The CSIS memo does not comment on the ethics or legality of using information gleaned from torture; rather, it speaks to whether or not that information can somehow be corroborated. Judd claims that CSIS must maintain relations with countries that have poor human rights records as part of its so-called counterterrorism efforts, and he shudders that with a proposed amendment on torture, "a Court could require CSIS to certify that all intelligence gathered in support of Certificates was done without resort to torture. This would almost certainly result in the security certificates regime falling into disuse as a consequence of its unworkability."
Judd adds that a court could render inadmissible "any and all information provided by agencies in countries whose human rights records are in question -- of which there are many." This scenario could arise, the memo continues, because "much" of the information put forward by CSIS in these cases "corroborates, or is corroborated, by [words blacked out, but clearly implying derived from torture], which under this interpretation of the amendment may no longer be admissible."
Judd's memo was written to then Public Safety Minister Stockwell Day, and cc-ed to Day's deputy minister, Suzanne Hurtubise, Richard Fadden of Citizenship and Immigration (and, significantly, currently CSIS head), and Harper's national security adviser Margaret Bloodworth. Remarkably, Mr. Day, despite receiving this memo confirming that these cases were built on tortured-tainted information, would one month later affix his signature to five new security certificates issued in Feb. 2008.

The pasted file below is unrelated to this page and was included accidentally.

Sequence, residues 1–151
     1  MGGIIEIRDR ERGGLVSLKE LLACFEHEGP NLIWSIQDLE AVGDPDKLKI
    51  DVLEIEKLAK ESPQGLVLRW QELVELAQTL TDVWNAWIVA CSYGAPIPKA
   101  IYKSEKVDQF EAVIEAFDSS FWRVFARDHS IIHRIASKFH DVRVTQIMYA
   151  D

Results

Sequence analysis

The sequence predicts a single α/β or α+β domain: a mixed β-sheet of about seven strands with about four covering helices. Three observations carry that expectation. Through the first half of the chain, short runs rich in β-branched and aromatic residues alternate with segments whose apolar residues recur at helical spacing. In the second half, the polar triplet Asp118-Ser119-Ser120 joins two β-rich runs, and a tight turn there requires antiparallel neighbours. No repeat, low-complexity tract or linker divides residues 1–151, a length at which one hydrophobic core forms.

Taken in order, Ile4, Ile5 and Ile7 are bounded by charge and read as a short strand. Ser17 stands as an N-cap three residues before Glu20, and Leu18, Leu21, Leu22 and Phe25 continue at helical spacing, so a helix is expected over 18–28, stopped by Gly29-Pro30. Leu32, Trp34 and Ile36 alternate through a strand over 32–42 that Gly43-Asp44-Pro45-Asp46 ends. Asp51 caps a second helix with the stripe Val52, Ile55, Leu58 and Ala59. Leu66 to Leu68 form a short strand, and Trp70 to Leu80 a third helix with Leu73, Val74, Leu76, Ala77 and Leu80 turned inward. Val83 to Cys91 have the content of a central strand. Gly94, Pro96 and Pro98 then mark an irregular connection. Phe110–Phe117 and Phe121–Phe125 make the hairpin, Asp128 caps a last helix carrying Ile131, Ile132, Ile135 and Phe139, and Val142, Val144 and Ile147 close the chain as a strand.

Those new certificates -- issued against Toronto's Mahmoud Jaballah, Hassan Almrei, and Mohammad Mahjoub, Ottawa's Mohamed Harkat, and Montreal's Adil Charkaoui -- were essentially carbon copies of certificates that the five men had been fighting for years before the Supreme Court ruled them unconstitutional. Never a government to pay much heed to the annoyances of Charter of Rights-quoting courts, though, the Harper government simply carried on as if nothing were wrong.